This is embarrassing. I went to a book sale the other day and sold all my novels, including my personal copy of Gothic Spring. I sold it by mistake. The book is valuable to me because I use it when I do readings. The pages are dog-eared and marked with comments I wish to make during my talk. Unfortunately, it wouldn’t be valuable to a customer, and so I am riddled with guilt, knowing someone paid full price for a used book. I have no idea who bought the copy as all transactions were in cash. Every time I imagine the customer opening to the first page and finding my scribbles, I turn crimson. What will that person think of me? I can only say, I’d be happy to refund the money and receive, in return, my dog-eared treasure.
Odds are, however, I’ll never hear from that buyer. Book junkies, if they are anything like me, tend to purchase more publications than they can read in a lifetime. Gothic Spring (Click) will probably end up in a pile of unread purchases as tall Iowa corn. If only those book junkies realized making the sale is only half what a writer hopes for. What we want, even more, is an audience and, possibly, a good review.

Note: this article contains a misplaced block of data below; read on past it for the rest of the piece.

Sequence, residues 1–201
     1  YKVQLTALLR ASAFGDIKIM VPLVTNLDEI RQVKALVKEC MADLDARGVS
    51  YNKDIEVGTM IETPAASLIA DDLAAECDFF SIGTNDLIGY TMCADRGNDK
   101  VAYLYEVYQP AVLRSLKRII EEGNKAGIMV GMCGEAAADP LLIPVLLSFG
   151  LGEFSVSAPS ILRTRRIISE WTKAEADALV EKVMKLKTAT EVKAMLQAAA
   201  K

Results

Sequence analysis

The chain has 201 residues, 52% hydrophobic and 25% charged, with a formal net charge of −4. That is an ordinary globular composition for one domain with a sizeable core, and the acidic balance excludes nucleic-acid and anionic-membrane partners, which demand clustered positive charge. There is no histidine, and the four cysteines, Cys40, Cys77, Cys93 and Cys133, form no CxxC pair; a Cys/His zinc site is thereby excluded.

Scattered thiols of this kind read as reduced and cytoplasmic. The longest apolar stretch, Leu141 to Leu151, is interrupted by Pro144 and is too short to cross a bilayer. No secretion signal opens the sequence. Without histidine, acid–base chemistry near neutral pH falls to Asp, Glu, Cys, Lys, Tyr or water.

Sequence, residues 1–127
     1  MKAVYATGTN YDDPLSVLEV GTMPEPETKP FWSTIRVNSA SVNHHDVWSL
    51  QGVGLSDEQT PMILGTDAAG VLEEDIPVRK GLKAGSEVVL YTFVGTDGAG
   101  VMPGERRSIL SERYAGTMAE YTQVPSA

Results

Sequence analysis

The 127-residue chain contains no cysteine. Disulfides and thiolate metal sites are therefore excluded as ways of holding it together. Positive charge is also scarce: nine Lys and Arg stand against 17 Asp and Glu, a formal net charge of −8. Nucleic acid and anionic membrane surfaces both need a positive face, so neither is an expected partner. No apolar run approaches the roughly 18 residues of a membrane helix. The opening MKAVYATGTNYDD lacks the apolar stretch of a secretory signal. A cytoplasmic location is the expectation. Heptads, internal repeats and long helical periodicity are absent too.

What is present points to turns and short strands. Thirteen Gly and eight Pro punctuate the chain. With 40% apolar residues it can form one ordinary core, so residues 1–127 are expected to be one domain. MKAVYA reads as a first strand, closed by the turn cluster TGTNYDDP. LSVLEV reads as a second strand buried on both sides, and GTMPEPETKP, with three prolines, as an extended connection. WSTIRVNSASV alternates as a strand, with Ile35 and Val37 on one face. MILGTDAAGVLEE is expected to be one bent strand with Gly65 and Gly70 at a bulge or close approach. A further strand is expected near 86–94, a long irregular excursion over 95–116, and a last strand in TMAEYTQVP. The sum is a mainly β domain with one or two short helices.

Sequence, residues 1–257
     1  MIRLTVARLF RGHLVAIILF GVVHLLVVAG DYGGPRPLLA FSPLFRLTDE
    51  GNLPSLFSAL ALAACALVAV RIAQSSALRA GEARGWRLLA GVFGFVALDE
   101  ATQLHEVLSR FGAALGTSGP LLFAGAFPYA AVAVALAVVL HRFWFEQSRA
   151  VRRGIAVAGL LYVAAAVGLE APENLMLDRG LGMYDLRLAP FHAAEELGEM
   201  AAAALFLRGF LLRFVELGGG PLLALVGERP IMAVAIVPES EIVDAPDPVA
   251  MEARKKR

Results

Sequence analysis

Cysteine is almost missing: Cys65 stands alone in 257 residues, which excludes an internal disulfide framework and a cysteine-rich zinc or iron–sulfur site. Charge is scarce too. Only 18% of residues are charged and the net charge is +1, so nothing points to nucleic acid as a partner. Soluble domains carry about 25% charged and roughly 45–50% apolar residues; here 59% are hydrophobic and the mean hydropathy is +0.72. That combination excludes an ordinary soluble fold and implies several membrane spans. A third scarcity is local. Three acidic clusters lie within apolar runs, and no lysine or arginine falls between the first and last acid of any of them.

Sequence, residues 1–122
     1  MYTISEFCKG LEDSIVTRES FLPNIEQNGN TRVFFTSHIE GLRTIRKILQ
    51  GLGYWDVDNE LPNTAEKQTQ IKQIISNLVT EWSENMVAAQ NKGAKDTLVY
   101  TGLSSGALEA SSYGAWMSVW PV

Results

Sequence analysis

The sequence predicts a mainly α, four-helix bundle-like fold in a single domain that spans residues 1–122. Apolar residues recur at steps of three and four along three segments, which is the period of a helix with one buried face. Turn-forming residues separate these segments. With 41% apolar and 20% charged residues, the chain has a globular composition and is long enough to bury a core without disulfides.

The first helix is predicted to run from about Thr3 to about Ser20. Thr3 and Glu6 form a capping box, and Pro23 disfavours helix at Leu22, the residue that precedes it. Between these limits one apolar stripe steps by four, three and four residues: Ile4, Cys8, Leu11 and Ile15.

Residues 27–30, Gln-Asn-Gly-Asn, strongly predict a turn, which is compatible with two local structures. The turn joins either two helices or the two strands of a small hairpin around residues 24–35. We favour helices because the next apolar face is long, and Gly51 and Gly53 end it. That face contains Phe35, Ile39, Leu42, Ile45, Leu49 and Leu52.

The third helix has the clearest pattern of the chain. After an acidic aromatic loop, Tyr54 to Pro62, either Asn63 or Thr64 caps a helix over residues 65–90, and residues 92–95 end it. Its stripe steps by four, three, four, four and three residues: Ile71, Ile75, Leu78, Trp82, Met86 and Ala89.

Book junkies have a different goal. They long for sunny beaches and a timeless world in which to read. They are oblivious to the fact that time is no friend to an author. Six months after a book’s release, its commercial value is almost nil. Book junkies are the reason. Like moths, they gravitate to the newest titles, leaving older purchases to languish in the “unread” pile.
Where authors and book junkies find common ground is during the holiday season. A book’s age is no problem when buyers are looking for gifts. Ballet Noir, (Click) a scant 8 months old, may dare to dream of finding itself in colorful wrapping and lying under a pine-scented tree. During the holidays, even Heart Land (Click) and Trompe l’Oeil (Click) may hope.
A writer hopes, too. Their books are their children, after all. They want their creations to live well-worn lives. Should you buy of one of my books as a gift this season, please slip a card inside: “Read this!” Among the saddest sights in all the world is a book without dog-eared pages.